PITTSBURGH — “I am not a dirty player!”
That was the strong message once again delivered by Alex Ovechkin here Tuesday as he walked through the bowels of the antiquated Mellon Arena toward the Washington Capitals team bus after attending a morning team meeting.
Ovechkin’s statement isn’t new. Since the controversial incident in which he shoved Chicago Blackhawks defenceman Brian Campbell into the unforgiving United Center Boards last month, Ovechkin constantly has been forced to deflect accusations that he often crosses the line of fair play.
Caps coach Bruce Boudreau has been Ovechkin’s strongest defender, telling anyone who will listen that any suggestions insinuating The Great Eight is a cheap shot artist are way off base.
But even Boudreau has noticed a change in Ovechkin’s play since the Campbell incident, which earned the Caps superstar a two-game suspension.
During the March 14 Hawks-Caps game, an off-balance Campbell had just got rid of the puck when Ovechkin gave him a strong push, causing the Chicago defenceman to slam into the end wall.
Campbell fractured his clavicle, a rib and suffered a concussion on the play, causing critics to claim Ovechkin at times goes overboard with his aggressive style.
Neither Boudreau, GM David Poile nor Ovechkin himself agreed with NHL VP Colin Campbell’s decision to hand out supplemental discipline. Nor did they feel that there is anything wrong with the take-no-prisoners attitude Ovechkin displays out on the ice.
At the same time, it was clearly evident to Boudreau that this post-suspension version of Ovechkin was more passive and less effective, an alarming sign for the Caps with the post-season just around the corner.
The numbers backed up Boudreau’s suspicions.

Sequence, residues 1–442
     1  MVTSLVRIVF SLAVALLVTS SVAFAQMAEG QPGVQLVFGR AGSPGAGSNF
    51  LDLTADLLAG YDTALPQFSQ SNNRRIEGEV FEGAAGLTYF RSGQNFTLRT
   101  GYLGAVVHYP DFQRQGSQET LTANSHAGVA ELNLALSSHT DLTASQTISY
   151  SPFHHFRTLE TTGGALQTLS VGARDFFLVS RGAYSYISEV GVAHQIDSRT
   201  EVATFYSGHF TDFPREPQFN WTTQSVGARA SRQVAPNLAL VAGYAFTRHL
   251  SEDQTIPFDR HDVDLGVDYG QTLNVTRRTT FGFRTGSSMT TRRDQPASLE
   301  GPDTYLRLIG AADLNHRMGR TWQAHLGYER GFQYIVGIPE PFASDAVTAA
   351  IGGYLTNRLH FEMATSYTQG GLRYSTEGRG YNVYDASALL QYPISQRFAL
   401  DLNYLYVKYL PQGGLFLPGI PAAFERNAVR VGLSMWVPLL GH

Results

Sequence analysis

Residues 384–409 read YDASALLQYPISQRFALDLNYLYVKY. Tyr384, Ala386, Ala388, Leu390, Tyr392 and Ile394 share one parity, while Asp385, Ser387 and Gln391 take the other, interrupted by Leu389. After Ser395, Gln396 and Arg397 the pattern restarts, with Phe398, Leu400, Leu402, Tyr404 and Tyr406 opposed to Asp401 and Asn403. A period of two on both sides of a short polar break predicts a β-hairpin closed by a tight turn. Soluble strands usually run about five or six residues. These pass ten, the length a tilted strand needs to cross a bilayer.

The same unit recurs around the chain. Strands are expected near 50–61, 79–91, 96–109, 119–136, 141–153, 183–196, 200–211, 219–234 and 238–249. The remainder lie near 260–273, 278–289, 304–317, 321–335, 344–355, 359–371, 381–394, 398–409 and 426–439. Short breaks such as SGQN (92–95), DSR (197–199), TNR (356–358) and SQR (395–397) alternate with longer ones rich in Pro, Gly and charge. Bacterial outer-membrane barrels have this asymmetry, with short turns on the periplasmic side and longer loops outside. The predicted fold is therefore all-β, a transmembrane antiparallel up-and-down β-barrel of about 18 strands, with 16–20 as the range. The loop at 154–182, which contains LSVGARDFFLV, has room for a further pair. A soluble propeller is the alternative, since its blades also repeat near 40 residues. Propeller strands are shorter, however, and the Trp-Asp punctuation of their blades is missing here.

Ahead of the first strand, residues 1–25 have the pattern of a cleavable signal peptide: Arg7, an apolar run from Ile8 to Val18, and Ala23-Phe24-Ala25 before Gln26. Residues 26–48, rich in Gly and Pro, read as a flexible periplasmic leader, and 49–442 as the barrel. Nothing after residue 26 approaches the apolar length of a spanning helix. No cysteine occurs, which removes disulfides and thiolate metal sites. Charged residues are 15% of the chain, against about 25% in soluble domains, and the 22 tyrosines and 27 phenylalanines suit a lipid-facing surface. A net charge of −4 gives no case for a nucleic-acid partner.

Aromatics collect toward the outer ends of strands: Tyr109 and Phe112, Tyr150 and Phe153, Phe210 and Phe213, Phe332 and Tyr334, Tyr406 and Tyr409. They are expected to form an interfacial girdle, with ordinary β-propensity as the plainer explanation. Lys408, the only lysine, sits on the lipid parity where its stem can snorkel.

In the seven games since Ovechkin returned from his two-game banishment to the press box, the defending Hart Trophy winner had mustered just six points. Very un-Ovechkin-like, to be sure.
As a result, Boudreau decided to take matters into his own hands.
During the Caps morning skate Monday, with his team preparing to face the Boston Bruins that night at the Verizon Center, Boudreau pulled Ovechkin aside and had a heart-to-heart chat with his franchise player.
The message: We want the old Ovie back.
“I just had a discussion with Ovie about the way he needed to play,” Boudreau said Tuesday.
“He needs to play the way he has the past four years. Competitively. With passion. Aggressively.
“He’s not a dirty hockey player. I said that before and I will keep saying that. But there is no doubt he’s been a bit passive.
“Sometimes you get caught waiting for someone to get you the puck, especially when you are a goal scorer. That’s not Alex’s game.”
Maybe constantly hearing all those outside accusations that he was a dirty player started to subconsciously get to him. It’s a concept he does not necessarily reject.
“I think yeah, mentally, it might have (effected me) a little bit,” Ovechkin said.
“At the same time, like I said, I do not think I am a dirty player. I play my style. And when I don’t play my way, well, it’s a most difficult thing for me.”
Boudreau’s pep talk seemed to have sunk in.
Just eight hours after their discussion Monday morning, Ovechkin collected a pair of assists against the Bruins in a 3-2 overtime victory by the Caps.
The energy with which he played reminded many in the sold-out arena of the Ovechkin who has pretty much dominated the league the past few seasons.
On Tuesday, Ovechkin and the Caps met their arch-rivals, Sidney Crosby’s Pittsburgh Penguins, at the Mellon Arena.
And, if the first period is any indication, Ovechkin was back to his ornery self, causing havoc all over the ice and taking a slashing penalty, the only minor called in the game’s first 20 minutes.
Boo him if you like. There are plenty around the league who do.
Just don’t call him “dirty.” He and his coach don’t like that.